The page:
UPDATE: This story was revised October 18 with new information including an updated number for the total amount of funds raised by the protest. It was originally posted on October 14 and ran in The New York Observer print edition Wednesday, October 19.
“George Soros money is behind this!” Rush Limbaugh told his listeners two weeks ago, feeding speculation that the “99 percent” agenda espoused by the Occupy Wall Street protesters has filthy-rich backers—a claim picked up by Reuters and heatedly debated in the media. Soros money? If only. Around the time Reuters was walking back its headline, “Who’s Behind the Wall Street Protests,” later revised to “Soros: Not a Funder,” protesters were voting on whether to spend $3,000 on brooms and trash cans to clean up the occupied plaza in order to avoid eviction by the city.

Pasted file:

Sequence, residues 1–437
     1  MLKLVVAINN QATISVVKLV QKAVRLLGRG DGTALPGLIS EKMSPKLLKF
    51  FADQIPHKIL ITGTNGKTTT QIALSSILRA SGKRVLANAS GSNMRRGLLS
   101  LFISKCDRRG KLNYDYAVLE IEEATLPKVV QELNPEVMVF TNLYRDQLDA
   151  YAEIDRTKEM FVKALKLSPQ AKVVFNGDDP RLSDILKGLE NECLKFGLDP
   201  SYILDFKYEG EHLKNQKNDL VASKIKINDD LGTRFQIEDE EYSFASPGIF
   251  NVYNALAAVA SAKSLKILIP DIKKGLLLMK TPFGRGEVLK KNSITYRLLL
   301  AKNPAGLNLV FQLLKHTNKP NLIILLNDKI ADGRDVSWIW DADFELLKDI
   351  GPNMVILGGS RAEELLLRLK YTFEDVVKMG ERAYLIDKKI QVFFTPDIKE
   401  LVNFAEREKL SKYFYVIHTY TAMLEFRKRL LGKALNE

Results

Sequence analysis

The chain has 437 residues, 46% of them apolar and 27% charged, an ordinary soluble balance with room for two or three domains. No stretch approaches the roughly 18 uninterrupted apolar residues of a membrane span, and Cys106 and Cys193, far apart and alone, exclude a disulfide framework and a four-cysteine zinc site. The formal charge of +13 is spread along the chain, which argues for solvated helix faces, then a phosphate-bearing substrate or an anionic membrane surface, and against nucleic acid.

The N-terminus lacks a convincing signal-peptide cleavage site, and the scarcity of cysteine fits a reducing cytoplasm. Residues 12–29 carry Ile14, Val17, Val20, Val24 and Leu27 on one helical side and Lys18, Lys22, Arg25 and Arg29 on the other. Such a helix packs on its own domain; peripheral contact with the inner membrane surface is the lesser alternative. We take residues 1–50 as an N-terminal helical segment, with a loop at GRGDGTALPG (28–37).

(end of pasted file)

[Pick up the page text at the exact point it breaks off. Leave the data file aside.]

Back in July, when local activists hammered out the logistics of the Occupy Wall Street protest, they were planning for little more than an urban camping trip. Committees were established to handle security, medication and sanitation. Nourishment was a major concern. Fundraising was an afterthought.
Still, onlookers are rightfully eager to follow the money. Politics have been so dominated by financing for so long that a major movement without major backers seems unthinkable. Last week, Republicans announced a new Super PAC determined, according to The New York Times, to “raise and spend unlimited amounts of money to defend the party’s majority next year”; meanwhile, President Barack Obama raised more than $42 million for his re-election campaign over the last three months.
Donations are flowing into Occupy Wall Street as well, though on a much smaller scale; as of Tuesday the protest’s general fund has raised approximately $294,000, according to members of the finance committee on Tuesday (although the committee is still refining its balance sheet in advance of giving it to a CPA). That’s enough to keep the demonstrators well-fed and livestreaming, but it’s not Soros-level treasure. Read More